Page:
USA Water Ski & Wake Sports

Slalom Priorities - The Order of Principles Matters

Note: This article first appeared in the Winter 2020 issue of The Water Skier magazine, the official publication of USA Water Ski & Wake Sports. If you are not a member of USA Water Ski & Wake Sports and you are interested in receiving the quarterly magazine, join now.

 

Written by Seth Stisher

Photography by Gordon Rathbun

 

 

Instruction - Slalom PrioritiesSlalom skiers continually discuss body position using words like stacked, strong, aligned, etc. Many coaches teach the powerful, stacked position as idea number one.  I’m not saying any method of coaching is wrong, but I personally believe that proper slalom skiing is built in a different order. Check out these principles, which are set in order of priority, but also in order of sequence as well.

 

1. BALANCE:  Before any wake crossing effort is exerted, a balanced, athletic stance is paramount. It’s the prerequisite to all athletic movement. Skiers and future skiers should first learn to stand with equal pressure on both feet as they ride down the lake.

 

2. ATHLETIC ALIGNMENT: Don’t confuse this with what old school would build as a fighting position through the wakes. This is simply learning to stand in an aligned position where your body exhibits great posture, but without sacrificing balance on the balls of both feet. This is where far too many people start leaning back…which is one of the few things I will say is simply WRONG.

 

3. MOVE FROM THE CORE: While maintaining the aforementioned alignment, moving your center of mass (basically your core at the risk of over-simplifying) in the direction you wish to go is what gives the ski the input it needs to take you there. So, in order to go left you shift your center of mass to the left and in order to go right you shift your center of mass to the right. Additionally, while making this shift or fall in the desired direction, keep your mass moving forward as well by keeping forward pressure in your hips and forward flexion in your knees and ankles. Quick note, if you drive the hips forward without flexing the knees and ankles forward you will end up simply throwing your weight to the back of the ski, which is not what we want.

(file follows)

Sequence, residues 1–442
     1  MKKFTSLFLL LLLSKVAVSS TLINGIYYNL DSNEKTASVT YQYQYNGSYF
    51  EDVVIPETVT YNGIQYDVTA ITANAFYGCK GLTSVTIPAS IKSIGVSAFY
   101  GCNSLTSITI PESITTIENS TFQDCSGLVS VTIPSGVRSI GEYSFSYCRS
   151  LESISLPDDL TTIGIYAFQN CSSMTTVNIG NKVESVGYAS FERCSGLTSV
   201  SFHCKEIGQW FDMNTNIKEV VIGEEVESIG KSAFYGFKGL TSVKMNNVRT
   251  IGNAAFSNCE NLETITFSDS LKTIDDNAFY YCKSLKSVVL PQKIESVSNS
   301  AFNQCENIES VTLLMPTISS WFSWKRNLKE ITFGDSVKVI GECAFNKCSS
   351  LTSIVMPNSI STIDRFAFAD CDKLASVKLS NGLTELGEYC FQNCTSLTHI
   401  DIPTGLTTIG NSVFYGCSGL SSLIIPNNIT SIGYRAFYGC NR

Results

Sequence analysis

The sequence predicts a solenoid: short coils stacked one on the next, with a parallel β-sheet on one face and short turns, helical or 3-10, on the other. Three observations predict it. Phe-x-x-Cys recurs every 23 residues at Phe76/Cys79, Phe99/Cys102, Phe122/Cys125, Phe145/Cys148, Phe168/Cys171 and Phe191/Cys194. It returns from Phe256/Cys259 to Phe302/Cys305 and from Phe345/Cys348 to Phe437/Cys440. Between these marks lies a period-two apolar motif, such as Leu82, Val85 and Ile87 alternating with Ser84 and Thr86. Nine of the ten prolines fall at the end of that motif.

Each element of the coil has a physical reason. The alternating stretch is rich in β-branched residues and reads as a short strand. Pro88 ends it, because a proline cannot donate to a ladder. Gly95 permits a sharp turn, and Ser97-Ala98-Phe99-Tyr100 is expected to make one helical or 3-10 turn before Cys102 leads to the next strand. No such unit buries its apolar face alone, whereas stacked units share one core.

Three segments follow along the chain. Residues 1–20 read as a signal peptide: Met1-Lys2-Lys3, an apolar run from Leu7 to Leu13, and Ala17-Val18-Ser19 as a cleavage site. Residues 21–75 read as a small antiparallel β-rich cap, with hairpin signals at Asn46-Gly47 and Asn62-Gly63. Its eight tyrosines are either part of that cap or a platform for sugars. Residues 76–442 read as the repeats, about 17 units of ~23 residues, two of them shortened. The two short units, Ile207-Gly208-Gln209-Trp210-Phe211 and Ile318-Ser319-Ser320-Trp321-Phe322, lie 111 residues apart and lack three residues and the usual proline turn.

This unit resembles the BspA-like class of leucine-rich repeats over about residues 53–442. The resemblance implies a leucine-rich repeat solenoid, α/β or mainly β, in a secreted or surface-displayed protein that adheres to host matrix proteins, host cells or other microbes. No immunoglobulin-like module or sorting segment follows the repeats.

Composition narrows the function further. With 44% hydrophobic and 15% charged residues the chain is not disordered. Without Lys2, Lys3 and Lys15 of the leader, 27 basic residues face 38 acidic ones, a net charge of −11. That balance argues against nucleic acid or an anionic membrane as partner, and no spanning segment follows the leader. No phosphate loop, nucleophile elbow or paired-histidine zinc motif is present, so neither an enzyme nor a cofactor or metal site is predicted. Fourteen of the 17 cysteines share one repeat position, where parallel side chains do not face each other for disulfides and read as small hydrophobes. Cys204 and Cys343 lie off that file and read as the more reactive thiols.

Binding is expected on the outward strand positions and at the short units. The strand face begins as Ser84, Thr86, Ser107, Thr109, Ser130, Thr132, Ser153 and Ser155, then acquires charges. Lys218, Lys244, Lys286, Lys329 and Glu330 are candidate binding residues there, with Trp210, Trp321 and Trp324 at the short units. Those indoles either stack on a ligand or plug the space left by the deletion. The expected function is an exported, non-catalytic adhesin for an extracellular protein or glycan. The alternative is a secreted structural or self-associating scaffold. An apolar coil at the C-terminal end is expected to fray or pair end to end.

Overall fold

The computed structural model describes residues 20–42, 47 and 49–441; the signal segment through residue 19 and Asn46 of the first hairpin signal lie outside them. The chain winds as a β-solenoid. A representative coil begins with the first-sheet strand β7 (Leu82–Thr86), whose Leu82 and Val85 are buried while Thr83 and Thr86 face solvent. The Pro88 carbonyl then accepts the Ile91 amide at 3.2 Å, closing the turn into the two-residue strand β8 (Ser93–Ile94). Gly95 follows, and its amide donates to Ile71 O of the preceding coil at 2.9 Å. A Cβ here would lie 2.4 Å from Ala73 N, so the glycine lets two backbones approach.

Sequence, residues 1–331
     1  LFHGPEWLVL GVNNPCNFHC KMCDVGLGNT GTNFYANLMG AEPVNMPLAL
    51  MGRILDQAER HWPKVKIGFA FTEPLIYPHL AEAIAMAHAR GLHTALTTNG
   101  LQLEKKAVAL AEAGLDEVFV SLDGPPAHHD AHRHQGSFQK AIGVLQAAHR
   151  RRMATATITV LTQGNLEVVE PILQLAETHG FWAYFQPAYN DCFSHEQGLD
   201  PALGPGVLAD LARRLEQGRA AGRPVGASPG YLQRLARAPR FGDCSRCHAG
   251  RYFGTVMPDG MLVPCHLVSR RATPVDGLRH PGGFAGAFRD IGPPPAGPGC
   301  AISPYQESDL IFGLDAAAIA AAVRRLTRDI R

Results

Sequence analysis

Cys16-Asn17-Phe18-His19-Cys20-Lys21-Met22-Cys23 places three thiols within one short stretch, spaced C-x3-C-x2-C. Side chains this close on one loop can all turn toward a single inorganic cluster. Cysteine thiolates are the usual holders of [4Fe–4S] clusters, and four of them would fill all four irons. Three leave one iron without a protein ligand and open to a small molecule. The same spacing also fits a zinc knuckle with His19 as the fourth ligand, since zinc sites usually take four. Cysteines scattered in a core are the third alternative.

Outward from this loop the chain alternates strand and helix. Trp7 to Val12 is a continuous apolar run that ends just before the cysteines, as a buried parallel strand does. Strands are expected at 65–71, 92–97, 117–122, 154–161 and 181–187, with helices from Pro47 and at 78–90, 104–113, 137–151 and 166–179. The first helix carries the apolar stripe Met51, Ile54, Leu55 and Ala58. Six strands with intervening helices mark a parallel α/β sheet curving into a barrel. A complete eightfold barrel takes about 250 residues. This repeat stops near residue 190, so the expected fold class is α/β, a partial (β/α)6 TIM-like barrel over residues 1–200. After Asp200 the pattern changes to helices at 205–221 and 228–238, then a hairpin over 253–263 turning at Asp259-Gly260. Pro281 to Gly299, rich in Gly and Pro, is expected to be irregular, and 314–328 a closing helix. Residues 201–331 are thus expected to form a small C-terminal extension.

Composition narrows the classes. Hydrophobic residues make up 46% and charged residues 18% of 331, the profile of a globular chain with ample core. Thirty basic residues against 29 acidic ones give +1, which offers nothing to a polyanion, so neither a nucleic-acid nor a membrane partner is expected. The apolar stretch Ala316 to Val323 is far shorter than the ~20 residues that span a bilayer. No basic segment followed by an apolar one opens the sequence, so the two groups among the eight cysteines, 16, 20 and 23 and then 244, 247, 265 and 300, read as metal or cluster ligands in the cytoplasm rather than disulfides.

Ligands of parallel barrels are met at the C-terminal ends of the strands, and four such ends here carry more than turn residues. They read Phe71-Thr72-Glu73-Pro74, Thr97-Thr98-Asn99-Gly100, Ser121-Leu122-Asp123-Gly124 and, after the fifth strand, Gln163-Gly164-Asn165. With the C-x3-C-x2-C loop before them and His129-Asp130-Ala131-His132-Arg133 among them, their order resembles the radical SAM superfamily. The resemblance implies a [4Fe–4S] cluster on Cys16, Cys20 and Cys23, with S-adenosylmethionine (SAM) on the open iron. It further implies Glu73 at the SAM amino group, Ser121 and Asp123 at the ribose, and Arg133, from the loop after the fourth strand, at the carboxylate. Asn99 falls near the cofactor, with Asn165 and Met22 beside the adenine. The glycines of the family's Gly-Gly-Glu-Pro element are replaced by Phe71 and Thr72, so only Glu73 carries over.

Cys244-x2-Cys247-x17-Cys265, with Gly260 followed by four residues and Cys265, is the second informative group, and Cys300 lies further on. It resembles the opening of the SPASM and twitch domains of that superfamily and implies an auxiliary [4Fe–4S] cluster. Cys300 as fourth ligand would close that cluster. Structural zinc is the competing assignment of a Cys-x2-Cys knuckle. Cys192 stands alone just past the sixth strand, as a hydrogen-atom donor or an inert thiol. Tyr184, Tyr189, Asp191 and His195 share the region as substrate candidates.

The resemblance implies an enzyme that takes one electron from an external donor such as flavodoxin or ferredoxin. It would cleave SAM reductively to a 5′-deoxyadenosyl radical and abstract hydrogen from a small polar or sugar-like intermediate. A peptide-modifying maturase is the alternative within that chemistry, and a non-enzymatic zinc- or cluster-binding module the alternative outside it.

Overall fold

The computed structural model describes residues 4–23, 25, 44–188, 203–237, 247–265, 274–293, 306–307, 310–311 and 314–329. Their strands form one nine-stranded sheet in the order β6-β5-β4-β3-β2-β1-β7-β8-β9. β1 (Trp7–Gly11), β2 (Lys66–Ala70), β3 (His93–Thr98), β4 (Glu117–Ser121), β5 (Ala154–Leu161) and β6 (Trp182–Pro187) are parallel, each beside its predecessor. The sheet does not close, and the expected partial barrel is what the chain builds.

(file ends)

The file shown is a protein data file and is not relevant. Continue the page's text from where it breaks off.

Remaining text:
4. MAINTAIN CONNECTION: If the aforementioned steps are done properly, this step should be easy. You are now coercing the ski to head in the desired direction, however, by being balanced,  aligned athletically, and making your movements with forward pressure, you are staying in contact with the rope (your torso connects with your arms) allowing the boat to tow you most effectively and efficiently. When you have created edge pressure on the ski and it heads right or left, rope load increases and pressure is built because you are deviating from the boat’s path. When that pressure increases, the above steps will ensure you are able to harness that pressure (aka the load on the rope) and direct that pressure to the ski, which creates your speed and gives you the ability to ski back and forth across the wakes with increased efficiency.

 

Instruction - Slalom Priorities5. SWING OUT CARVE IN: Once you’ve mastered the ability to create direction change while maintaining balance, alignment, and connection, you can then establish a rhythm of riding back and forth across the wakes lightly while maintaining all of this. After you have passed through the wakes, you will want to maintain the connection, and the energy created will ideally give you a little swing and cause the ski to cast or roll out onto the turning edge (if it helps at this stage, you can give your hips a little progressive push in the direction the ski is traveling to sort of aid in the ski in rolling out to the turning edge). Once the ski rolls out, while maintaining the same stance we have discussed, you will allow your body to fall or shift to the inside edge (in a very subtle way) so that the turning edge of the ski stays pressurized and carries you back toward the wakes for your next wake crossing. Please note that the ski will carve on its own because you have previously rolled it out onto the turning edge, so your shift to that inside edge doesn’t need to be too intense and should always include the forward pressure we discussed in Priority #3.

 

6. CONNECT IT ALL WITH RHYTHM: Continue this same flow with each successive wake crossing and turn to truly learn to swing behind the boat and carve through the turns with rhythm. It is also important to note that you don’t need to ski excessively wide in learning this process. You will only go as wide as your efficiency carries you. Learning this rhythm of swinging and carving is the basis of slalom skiing.

 

So, what’s the point? The point is that you must learn/teach balance and rhythm before you teach power. Power is created through effective movements and rhythm rather than by sheer force and an active fight or lean against the boat. This method is a much less intimidating way to begin a skier’s slalom career as well. Give it a shot!

Seth Stisher can be found coaching at his SkiSeth Training Center at Oz, in Charleston, South Carolina, or at any number of locations around the world through his traveling waterski clinics. Check out SkiSeth.com, or email bookings@skiseth.com to arrange ski sessions with him.  He is sponsored by Connelly Skis, MasterCraft Boat Company, Eagle Wetsuits, PureFood and H2OProShop.com.